November Pet of the Month - Trooper

posted: by: admin Tags: "Clinic Specials" "News" 

From Trooper's family - 

Trooper was born January 3, 2004, and is a mixed breed of which the origins are unknown. Many have guessed at his lineage but it is only a guess.
I rescued Trooper in March 2004 when he was being abused by his first owner. I was at work in Oak Forest and heard him cry out. I ran out of the office to see what happened only to have Trooper run right past me and head for the VERY busy 159th street where traffic moved at minimum 50 mph. Without hesitation he hurriedly walked into 159th and only by sheer miracle he was missed by two cars - I thought for sure he wouldn't make it. After making it across the street he sat down next to a fence to hide from his owner. A few seconds later the owner came out yelling for him and just then animal control showed up (others on the road had called about the owner abusing Trooper). They took Trooper into the van as I explained to animal control that they should NOT give him back to the owner. They said "Fine, then do you want to adopt him??" That was almost 13 years ago and I have never looked back.
He was named Trooper since he had been through so much in his short life (3 months old when I adopted him). Most of his life he has been healthy and happy. In 2012 he tore the ligament in his back left knee and successfully recovered from surgery. It wasn't until December 2014 when he contracted Blastomycosis that I thought I was going to lose him. One of our favorite places to walk is Delwood Park, and in the fall of 2013 I decided to expand his walk and take him down to the creek beds. Sometime along the way in December he came across the Blastomycosis fungus and within a week he was close to death - it had spread so fast in him. To Dr. Navin's credit, when he first saw Trooper he said "possibly Blasto", but it really didn't make sense until I realized his new walking locations.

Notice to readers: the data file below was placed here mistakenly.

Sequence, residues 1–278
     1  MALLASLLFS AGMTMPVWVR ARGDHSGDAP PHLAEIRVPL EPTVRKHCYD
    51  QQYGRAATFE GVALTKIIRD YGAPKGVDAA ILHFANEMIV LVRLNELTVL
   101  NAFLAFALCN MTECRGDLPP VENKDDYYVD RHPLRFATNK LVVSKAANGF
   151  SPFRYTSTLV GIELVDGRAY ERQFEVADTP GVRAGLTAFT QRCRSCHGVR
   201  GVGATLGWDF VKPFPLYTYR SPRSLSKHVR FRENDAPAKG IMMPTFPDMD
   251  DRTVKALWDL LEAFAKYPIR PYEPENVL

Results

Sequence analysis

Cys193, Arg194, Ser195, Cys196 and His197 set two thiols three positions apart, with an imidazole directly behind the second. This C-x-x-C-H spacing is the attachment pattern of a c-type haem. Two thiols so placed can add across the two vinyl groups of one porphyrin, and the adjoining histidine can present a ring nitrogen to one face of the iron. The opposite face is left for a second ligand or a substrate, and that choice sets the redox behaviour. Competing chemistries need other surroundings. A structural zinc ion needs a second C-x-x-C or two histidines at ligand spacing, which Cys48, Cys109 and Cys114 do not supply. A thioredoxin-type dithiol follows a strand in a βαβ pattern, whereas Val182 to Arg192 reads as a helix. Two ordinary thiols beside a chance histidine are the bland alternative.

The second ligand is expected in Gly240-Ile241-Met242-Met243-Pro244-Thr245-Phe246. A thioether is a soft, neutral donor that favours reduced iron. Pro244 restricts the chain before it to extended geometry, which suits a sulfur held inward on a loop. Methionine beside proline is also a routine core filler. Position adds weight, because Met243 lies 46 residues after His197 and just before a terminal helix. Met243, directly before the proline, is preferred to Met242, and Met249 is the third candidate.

Blastomycosis is a fungal organism found most commonly in the Midwest by the Mississippi and Ohio river valleys. It causes a serious infection in various organs including the lungs, lymph nodes, bones, eyes and skin. Dogs most commonly pick it up from exposure to soil close to river beds. Diagnoses early in the course of disease is important as it can be life threatening.
Based on Dr. Little's suggestion, Trooper was taken to VCA in Aurora, where they diagnosed Blasto and his treatments began. Trooper lost 11 pounds and was down to 39 lbs at his lowest. He was given hyperbaric oxygen treatments as well as IV fluids. After 4 days of extensive treatment he came home and slowly came back to health. 19 months from his first diagnosis he was given a clean bill of health from Dr. Little and Trooper continues to live up to his name. I want to thank Dr. Navin and Dr. Little for all they've done to help Trooper.